HITLER WINS
   For nearly half a century it has been an enjoyable creative exercise to imagine what kind of ALTERNATE WORLD might have evolved had Germany won WWII, and many novels and stories have been written to explore thatassumption. But the first Hitler-wins tales were not exercises in reconstructing history; Swastika Night (1937) by Murray Constantine (Katharine BURDEKIN), was not set in an alternate world, and nor were theseveral others published 1939-45. Any Hitler-wins story published before the end of WWII falls under the general category of the future- WAR or INVASION tale, and was almost certainly designed as a dreadful warning ofthe consequences of defeat. Examples include Loss of Eden (1940; vt If Hitler Comes 1941) by Douglas Brown (1907-) and Christopher Serpell, ThenWe Shall Hear Singing (1942) by Storm JAMESON, Grand Canyon (1942) by Vita SACKVILLE-WEST, When the Bells Rang (1943) by Anthony ARMSTRONG and Bruce Graeme (1900-1982), and When Adolf Came (1943) by Martin HAWKIN. A subcategory - novels in which Hitler seems about to win, but loses an important battle or secret at the last moment - includes many borderline tales of warfare and espionage; among the serious examples are detailed fictional prognoses like Fred ALLHOFF's Lightning in the Night (1939 Liberty; 1979), which predicts a US readiness to use nuclear weaponsagainst Germany as a final resort.The death of Hitler in 1945 marked the end of the real WWII in Europe, but for any number of reasons - the astonishing intensity of the evil he represented; the dreadful clarity of the consequences had the Allies failed; the melodramatic intensity of the conflict itself, with the whole war seeming (then and later) to turn on linchpin decisions and events; and (shamingly) the cheap aesthetic appeal of Nazism, with its Art Deco gear, its brutal elites, its Blitzes and Panzer strikes, its secrecy and paranoia - WWII very soon became a focusfor speculative thought, and it was only a few months before the first alternate-world Hitler-wins tale was published (in HUNGARY): Laszlo Gaspar's Mi, I. Adolf ("We, Adolf 1") (1945). The first significantexample in English was SARBAN's THE SOUND OF HIS HORN (1952), which sinuously intertwines sadism and aesthetics into a vision of decadence with roots in Germany's mythic past. This book may have influenced - and certainly served as a tonal precedent for - several works both within the field, like Keith ROBERTS's "Weihnachtsabend" (1972), and outside it, as in non-alternate-history novels of Germany like Gabriel Fielding's The Birthday King (1962) and Michel Tournier's Le Roi des Aulnes (1970; transBarbara Bray as The Erl-King 1972 UK).The most famous single Hitler-wins sf tale is probably Philip K. DICK's THE MAN IN THE HIGH CASTLE (1962), in which Hitler's victory becomes a kind of poisonous backdrop for a complex tale; and the most telling commentary on the moral underside of the subgenre is Norman SPINRAD's The Iron Dream (1972), in which the young Hitler, a failure at politics, becomes a pulp novelist whose tale Lord ofthe Swastika exploits, to savagely ironic effect, some of the responses of many readers to tales of "genuine" Nazi triumph.Half a century after the end of WWII, new Hitler-wins stories are less common, but the number written during this intervening period has been remarkable. They include Hilary BAILEY's "The Fall of Frenchy Steiner" (1964), Otto BASIL's Wenndas der Fuhrer wusste (1966; cut trans Thomas Weyr as The Twilight Men 1968 US), Greg BEAR's "Though Road No Whither" (1985), David BRIN's "ThorMeets Captain America" (1986), Len DEIGHTON's SS-GB (1978), J.R. DUNN's "Crux Gammata" (1992), David DVORKIN's Budspy (1987), Gordon EKLUND's "Red Skins" (1981), Harlan ELLISON's STAR TREK teleplay "The City on the Edge of Forever" (shown 1967), Gary Gygax's and Terry Stafford's Victorious German Arms: An Alternate Military History of World War II (1973 chap),Robert Harris's Fatherland (1992), James P. HOGAN's The Proteus Operation (1985), Trevor HOYLE's Q: Through the Eye of Time (1977), the film IT HAPPENED HERE (1966), C.M. KORNBLUTH's "Two Dooms" (1958), Fritz LEIBER's THE BIG TIME (1961), Brad LINAWEAVER's Moon of Ice (1988), Norman Longmate's (1931-) If Britain had Fallen * (1974), based on a 1972 BBC programme, Kenneth Macksey's Invasion: The German Invasion of England, July 1940 (1980), Richard MEREDITH's Run, Come See Jerusalem (1976), inwhich the Nazis do eventually lose, though only after nuking Chicago, Frederic MULLALLY's Hitler has Won (1975), Eric NORDEN's The UltimateSolution (1973), Andre NORTON's The Crossroads of Time (1956)and And All the King's Men (1990) by Gordon Stevens (1945-).An interesting theme anthology is Hitler Victorious (anth 1986) ed Gregory BENFORD and Martin Harry GREENBERG, which contains several of the stories listed above. PeterFLEMING's Invasion 1940 (1957; vt Operation Sea Lion 1957 US) describes in great detail the preparations Germany made to invade the UK in 1940, speculating in the last chapter on what might have happened had a successful invasion occurred. WWII, Fleming suggests, might in that event have been won by Hitler.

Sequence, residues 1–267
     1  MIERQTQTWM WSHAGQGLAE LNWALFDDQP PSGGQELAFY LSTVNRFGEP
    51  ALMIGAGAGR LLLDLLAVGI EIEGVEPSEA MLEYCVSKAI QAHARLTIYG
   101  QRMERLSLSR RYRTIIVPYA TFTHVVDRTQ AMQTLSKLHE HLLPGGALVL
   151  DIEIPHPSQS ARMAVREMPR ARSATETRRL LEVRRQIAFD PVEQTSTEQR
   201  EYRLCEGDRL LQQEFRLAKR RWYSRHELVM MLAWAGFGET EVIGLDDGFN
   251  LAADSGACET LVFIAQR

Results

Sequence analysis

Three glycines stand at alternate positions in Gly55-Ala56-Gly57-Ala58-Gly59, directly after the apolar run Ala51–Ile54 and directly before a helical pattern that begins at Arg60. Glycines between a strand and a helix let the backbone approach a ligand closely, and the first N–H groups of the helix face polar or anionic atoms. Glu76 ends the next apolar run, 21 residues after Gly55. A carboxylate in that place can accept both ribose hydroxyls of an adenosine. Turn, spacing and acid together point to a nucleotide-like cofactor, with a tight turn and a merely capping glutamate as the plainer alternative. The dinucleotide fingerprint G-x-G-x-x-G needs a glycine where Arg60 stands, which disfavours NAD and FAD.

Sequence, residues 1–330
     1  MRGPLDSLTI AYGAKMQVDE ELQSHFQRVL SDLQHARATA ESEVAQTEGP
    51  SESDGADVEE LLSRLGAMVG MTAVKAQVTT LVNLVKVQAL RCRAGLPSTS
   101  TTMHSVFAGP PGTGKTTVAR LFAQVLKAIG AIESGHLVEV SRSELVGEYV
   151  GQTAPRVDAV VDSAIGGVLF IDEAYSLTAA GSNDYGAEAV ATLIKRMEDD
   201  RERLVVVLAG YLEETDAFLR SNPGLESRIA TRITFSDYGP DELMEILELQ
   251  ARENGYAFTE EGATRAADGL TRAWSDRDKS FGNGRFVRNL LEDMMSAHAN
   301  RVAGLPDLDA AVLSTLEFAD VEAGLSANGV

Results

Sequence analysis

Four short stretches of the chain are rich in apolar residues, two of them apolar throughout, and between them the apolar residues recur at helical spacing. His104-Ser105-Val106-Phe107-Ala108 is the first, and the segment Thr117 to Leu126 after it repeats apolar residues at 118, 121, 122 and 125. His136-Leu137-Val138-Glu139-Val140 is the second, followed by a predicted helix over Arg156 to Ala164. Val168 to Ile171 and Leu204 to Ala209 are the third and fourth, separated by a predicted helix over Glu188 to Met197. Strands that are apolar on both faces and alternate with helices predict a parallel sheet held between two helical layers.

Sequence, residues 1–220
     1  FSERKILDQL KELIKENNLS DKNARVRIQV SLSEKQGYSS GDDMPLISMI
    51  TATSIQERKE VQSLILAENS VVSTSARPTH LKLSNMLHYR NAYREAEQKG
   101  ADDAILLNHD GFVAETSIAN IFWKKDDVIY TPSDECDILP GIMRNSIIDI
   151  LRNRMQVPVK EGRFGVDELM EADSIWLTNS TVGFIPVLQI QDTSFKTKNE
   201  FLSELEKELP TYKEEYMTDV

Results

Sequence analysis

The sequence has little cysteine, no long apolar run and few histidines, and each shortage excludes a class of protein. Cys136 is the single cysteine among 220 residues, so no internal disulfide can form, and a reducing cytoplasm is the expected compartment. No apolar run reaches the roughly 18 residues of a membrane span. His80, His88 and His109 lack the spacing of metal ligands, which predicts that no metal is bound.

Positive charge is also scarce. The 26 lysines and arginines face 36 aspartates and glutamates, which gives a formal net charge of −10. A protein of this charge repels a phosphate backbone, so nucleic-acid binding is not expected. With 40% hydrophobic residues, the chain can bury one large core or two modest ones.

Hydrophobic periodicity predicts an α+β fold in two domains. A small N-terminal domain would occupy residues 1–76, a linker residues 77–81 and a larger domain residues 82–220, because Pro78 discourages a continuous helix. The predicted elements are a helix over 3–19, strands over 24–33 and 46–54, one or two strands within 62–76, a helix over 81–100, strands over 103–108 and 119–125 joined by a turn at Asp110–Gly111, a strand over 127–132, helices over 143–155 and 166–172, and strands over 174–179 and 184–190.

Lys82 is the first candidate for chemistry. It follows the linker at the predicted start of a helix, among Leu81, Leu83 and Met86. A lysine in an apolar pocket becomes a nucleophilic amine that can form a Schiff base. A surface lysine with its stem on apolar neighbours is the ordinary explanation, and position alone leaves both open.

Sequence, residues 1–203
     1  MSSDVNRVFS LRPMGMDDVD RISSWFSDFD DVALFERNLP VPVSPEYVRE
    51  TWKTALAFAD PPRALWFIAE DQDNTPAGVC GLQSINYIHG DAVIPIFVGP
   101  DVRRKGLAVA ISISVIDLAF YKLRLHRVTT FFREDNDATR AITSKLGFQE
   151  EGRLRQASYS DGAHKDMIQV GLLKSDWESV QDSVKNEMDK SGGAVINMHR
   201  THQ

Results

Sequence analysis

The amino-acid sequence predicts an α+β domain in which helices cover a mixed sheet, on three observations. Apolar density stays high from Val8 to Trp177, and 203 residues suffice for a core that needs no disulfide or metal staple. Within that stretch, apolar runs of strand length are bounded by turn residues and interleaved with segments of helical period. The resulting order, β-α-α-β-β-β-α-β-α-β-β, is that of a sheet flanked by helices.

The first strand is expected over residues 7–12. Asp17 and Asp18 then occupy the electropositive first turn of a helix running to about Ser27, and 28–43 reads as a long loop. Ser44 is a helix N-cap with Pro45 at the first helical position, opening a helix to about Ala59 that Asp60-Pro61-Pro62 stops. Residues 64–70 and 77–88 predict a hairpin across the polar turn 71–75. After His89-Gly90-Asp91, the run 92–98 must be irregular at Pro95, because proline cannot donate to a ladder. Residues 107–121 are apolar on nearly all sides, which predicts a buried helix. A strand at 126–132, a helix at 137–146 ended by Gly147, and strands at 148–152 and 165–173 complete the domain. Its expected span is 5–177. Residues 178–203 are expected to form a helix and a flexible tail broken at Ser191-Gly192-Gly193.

JC

Science Fiction and Fantasy Encyclopedia. . 2011.

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